All important scientists that took part in the discovery of high TC superconductors participated in the so-called “Woodstock of Physics”; this refers to the marathon session of the American Physical Society’s meeting on 18 March 1987, which featured 51 presentations concerning the science of high TC superconductors. Bednorz and Müller were there, as well as Chu, Kitazawa, Zhao and several other scientists that played a crucial or not so crucial role in the discovery and interpretation of the phenomenon of superconductivity in oxide systems. There were, also, scientists from industrial laboratories who had already succeeded not only in producing a high TC superconductor, but also in producing actual demonstrators for the computer industry. There, in front of an enthusiastic audience, all recent and current advances, covered until then under a cloud of secrecy, were openly presented to the scientific community and the public, since the event was, also, covered by the mass media.

Chu was acknowledged as one of the main players of the progress that had just taken place. However, the path to glory did not reach the heights he had perhaps dreamt of. The Nobel Prize in Physics 1987 was awarded jointly to Bednorz and Müller “for their important break-through in the discovery of superconductivity in ceramic materials”, as described in the press release of the Swedish Academy of Sciences. For some critics, this decision was based on the wish of the Swedish Academy of Sciences not to be involved in the competition of who was the first to discover high TC superconductivity and, perhaps, a delicate way to avoid the complications with publication ethics where Chu had been involved, intentionally or unintentionally.

Figure 5: Three “stars” of the Woodstock of Physics. From left to right: Karl A. Müller, Paul Chu and Zhongxian Zhao.

Guide to discussion

Below, a list questions to guide the discussion has been categorized according to the sections of this document.

The prelude

1. Why Bednorz and Müller followed such a low-profile approach to the publication of their research?

2. Was the replication study of Chu complete, taking into account that he had not followed the experimental protocol for recognizing superconductivity?

The unfolding drama

3. Do you think that Chu was “cherry picking” for his papers?

4. Do you think that Chu should not allow his team working around the clock, since this causes serious safety risks in the laboratory?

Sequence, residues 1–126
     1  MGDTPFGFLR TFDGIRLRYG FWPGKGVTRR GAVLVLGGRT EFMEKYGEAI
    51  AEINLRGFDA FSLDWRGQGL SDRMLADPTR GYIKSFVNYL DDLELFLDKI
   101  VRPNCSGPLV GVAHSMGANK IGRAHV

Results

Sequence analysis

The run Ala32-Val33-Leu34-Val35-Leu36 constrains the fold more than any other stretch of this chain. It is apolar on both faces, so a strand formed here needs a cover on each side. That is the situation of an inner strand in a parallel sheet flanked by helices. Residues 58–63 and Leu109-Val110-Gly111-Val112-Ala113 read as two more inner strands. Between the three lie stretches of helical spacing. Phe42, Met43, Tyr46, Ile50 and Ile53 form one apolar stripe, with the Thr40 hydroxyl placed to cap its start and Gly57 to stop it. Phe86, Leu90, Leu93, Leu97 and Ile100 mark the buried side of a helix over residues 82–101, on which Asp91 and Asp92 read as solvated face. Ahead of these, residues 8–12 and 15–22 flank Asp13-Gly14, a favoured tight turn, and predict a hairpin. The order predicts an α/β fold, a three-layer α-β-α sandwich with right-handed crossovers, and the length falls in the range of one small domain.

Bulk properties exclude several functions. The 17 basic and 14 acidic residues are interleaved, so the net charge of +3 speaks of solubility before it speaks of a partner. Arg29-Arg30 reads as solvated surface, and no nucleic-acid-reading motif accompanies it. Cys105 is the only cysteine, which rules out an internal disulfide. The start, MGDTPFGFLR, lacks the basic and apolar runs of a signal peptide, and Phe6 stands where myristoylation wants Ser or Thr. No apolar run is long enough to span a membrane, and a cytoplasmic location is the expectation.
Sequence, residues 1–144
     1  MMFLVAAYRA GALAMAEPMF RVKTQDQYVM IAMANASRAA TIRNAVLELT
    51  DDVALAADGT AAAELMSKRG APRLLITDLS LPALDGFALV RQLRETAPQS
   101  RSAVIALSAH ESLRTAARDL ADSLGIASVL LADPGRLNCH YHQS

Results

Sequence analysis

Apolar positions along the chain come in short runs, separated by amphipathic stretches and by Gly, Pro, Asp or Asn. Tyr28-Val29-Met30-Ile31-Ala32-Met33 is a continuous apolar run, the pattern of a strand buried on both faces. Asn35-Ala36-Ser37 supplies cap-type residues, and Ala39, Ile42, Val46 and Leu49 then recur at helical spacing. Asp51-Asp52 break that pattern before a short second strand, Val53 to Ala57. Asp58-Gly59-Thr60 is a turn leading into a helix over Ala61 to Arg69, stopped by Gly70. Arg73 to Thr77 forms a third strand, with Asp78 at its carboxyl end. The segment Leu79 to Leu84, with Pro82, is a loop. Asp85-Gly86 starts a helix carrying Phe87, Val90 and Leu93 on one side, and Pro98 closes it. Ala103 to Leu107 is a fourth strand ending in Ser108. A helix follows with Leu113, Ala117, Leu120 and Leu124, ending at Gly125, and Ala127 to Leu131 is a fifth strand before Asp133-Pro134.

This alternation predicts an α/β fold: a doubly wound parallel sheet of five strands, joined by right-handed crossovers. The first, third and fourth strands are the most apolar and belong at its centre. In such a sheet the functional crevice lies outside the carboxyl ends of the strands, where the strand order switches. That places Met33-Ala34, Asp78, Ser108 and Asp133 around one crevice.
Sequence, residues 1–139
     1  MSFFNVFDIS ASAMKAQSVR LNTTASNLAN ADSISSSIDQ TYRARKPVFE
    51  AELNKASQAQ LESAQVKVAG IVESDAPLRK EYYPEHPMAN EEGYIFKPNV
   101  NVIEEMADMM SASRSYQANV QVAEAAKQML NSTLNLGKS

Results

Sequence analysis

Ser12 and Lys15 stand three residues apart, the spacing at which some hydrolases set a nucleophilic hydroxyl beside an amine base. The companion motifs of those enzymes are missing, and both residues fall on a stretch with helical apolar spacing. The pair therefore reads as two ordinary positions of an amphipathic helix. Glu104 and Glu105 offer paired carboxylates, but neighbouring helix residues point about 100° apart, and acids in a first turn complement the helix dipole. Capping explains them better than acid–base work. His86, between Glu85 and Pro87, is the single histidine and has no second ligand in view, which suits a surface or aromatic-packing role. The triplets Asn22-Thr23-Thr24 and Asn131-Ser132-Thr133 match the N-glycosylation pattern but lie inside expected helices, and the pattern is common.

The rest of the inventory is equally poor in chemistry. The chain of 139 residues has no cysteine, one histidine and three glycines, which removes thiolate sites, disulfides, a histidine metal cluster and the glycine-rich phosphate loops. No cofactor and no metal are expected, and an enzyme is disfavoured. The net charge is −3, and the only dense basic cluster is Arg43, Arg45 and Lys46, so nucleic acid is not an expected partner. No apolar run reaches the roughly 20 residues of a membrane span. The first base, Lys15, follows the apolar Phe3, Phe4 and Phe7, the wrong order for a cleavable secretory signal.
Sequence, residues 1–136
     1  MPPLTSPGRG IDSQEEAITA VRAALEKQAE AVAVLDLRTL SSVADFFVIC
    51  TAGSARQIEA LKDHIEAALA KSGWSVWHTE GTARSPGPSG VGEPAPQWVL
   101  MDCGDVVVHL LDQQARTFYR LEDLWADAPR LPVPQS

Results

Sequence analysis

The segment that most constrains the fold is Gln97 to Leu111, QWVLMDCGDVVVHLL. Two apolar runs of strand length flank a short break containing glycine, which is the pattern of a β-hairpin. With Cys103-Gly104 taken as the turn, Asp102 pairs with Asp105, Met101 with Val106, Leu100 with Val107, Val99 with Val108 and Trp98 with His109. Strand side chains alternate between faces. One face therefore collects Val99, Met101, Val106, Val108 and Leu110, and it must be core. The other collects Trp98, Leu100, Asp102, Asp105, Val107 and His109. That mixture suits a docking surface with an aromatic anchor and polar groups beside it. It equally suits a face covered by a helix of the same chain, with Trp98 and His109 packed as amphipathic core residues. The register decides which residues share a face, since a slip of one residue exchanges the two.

5. Do you think that there should be instances, where a scientist should trust her/his instinct, when the timing for announcing important results is crucial, without necessarily following the experimental Standard Operating Procedures of her/his discipline?

6. How can a scientist decide when to protect a discovery by a patent, instead of openly announcing her/his findings?

The dark gatekeepers

7. Was the reference to “Yb” a typographic error, as Chu says?

8. Who leaked the original (manipulated) Chu’s manuscript?

9. Do you think that Chu knew that the Yb compound or the mistaken stoichiometry was not producing a superconductor?

10. Does it make any difference?

11. Were researchers that tested Yb justified to accuse Chu of scientific fraud?

12. Were Chu’s incentives malevolent, assuming that he intentionally changed the formula?

13. Should the scientists that “confirmed” Yb superconductivity be held responsible for plagiarism or scientific fraud?

14. Should Physical Review Letters held responsible for scientific fraud?

15. Should Physical Review Letters expose the two reviewers?

16. Do you think that the protection of Chu’s original (manipulated) manuscript would be better protected if he was working for a prestigious University?

The darker gatekeepers

17. Do you agree with the way SDI people approached Chu? Why?

18. Do you agree with their demands? Why?

19. Do you think that a scientist should safeguard the results of his research from any kind of possible misuse?

20. How should scientists approach claims of “National Security”?

The aftermath

21. Do you think that the decision of the Swedish Academy of Sciences was correct?

22. Do you think that it was based on other criteria not mentioned in the official rationale?